Mad scribblings and inexpert musing

How I Used a "Debugging Feature" of Pry to Build Cage

published: 17 May 2012 12:05:00AM

Pry is an alternative interactive Ruby environment similar to IRB. In addition to looking a little nicer through nearly live colorization, Pry offers some pretty powerful features for exploring, modifying, and debugging Ruby applications in a live system.

Pry's namesake ability to "pry" open an object is not limited to debugging use. It's actually a really straightforward way to build any kind of domain specific REPL. I think I just coined that term but it fits well and you'll soon see why.

The Backstory

When I working at NOWBOX I spent a lot of time hitting our API during ad-hoc testing. I was doing enough of this that just using curl wasn't cutting it.

Don't get me wrong, curl is awesome and super useful. But it lacks a few niceties. Chief among them curl, like HTTP, is stateless without the use of cookie files and given that we were using a token-based authentication system, simulating device-API interaction using exclusively curl was neither fun nor easy.

During this time, we were also using Rack::Test, which I really like. It's a solid and purposeful DSL and great at what it does. What it isn't good at is being interactive. I'd get colourful explosions(stacktraces) whenever I tried to pry into and look at a test using Rack::Test.

We already had the awesome Faraday included in our project, so I hacked together a quick rake task that would set up a Faraday::Connection and pry into it. What did this get me? I now had my interactive Rack::Test.

Cage Version -1

# Rakefile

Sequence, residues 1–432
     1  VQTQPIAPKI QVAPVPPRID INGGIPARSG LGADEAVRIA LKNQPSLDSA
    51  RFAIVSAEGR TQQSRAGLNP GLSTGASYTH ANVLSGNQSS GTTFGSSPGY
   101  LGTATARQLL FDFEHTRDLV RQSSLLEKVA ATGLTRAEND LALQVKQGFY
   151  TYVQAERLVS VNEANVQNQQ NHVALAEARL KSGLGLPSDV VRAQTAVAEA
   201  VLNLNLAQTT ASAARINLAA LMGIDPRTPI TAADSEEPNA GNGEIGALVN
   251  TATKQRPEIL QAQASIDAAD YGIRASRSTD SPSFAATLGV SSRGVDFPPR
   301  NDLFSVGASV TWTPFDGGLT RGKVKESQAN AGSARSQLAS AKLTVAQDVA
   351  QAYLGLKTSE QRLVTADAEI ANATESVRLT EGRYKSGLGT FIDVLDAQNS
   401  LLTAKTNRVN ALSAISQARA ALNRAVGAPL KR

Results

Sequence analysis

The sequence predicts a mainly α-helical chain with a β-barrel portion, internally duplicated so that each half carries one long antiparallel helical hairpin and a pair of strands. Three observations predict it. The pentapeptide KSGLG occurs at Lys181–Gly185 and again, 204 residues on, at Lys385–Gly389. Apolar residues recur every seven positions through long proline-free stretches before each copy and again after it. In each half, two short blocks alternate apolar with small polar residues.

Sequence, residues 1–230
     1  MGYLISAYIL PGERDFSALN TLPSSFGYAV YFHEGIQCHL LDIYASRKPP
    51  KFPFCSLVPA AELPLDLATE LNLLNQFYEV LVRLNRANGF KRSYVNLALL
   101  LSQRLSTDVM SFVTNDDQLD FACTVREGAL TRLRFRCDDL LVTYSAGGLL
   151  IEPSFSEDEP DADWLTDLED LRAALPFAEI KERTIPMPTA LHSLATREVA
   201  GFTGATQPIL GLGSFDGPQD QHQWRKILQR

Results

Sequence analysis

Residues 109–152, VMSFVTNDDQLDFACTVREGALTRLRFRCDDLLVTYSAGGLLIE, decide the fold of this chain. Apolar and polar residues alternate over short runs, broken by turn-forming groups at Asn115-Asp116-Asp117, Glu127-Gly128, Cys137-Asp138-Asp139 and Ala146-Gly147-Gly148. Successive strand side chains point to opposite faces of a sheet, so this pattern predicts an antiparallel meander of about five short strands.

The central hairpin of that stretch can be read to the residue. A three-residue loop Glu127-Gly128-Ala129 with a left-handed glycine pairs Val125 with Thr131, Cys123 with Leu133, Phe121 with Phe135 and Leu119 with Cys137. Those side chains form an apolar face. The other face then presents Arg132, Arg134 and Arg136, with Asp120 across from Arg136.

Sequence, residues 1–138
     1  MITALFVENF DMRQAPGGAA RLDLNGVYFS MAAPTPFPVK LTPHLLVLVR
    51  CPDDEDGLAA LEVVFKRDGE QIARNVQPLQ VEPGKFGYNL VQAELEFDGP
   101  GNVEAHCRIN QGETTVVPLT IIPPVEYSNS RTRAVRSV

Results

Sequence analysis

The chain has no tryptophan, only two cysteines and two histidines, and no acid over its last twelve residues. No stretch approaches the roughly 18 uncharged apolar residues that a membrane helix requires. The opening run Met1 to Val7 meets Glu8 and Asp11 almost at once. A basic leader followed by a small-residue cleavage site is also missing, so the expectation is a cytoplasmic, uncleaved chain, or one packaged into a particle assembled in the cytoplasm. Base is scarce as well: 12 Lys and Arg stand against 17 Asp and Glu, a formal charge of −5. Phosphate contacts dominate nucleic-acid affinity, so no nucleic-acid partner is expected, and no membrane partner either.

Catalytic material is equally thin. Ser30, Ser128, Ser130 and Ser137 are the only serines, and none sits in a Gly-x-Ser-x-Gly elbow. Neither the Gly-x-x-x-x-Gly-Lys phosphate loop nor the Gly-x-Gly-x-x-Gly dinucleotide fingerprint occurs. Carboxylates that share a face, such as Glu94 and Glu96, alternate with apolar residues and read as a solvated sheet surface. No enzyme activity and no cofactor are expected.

task :client_console do
  require "faraday"
  require "pry"
  uri = case ENV["target"]
        when "production"
        when "staging"

Building the Gem

Pry made this really easy. So easy that later on, when I wanted to rewrite the above code and turn it into a reusable gem I kept the same strategy.

I build my DSL class, Cage::Console, which also handles all the initialization such as config file loading and default values for variables. It also overloads some of Pry's settings to get a more interesting prompt string and suppressing they default ~/.pryrc config file loading.

# lib/cage/console.rb
class Cage::Console
  def initialize config_file = nil
    read_config_file File.expand_path config_file if config_file

  ## The rest of the show
  ## ...
  ## The party starter
  def self.start! *args

The rest of the class is the domain specific stuff that deals with delegating to the Faraday connection object and building the response object. I built my own wrapper around Faraday's response so I could improve how they are displayed as return values.

# lib/cage/response.rb
class Cage::Response
  ## Delegating code
  ## ...
  ## Prettification code
  def inspect
Status: #{status}

#{ { |k, v| "  #{k}: #{v}" }.join "\n"}



It's certainly verbose but the primary function is to show you the complete result of an HTTP request, which it does.


That's basically all there is to it. This feature of Pry that's mainly advertised as a way to get hands-on with your objects for debugging is also a great way to build a domain specific or domain focused interactive environment. Depending on how much you want to customize Pry's interface you don't even need a thorough understanding of Pry's internals. If you're more interested in the features of Cage than the mechanics of its construction you can install it from RubyGems using gem install cage or check out its project page. The complete source for Cage is on GitHub. I hope you use Pry and Cage to build awesome stuff!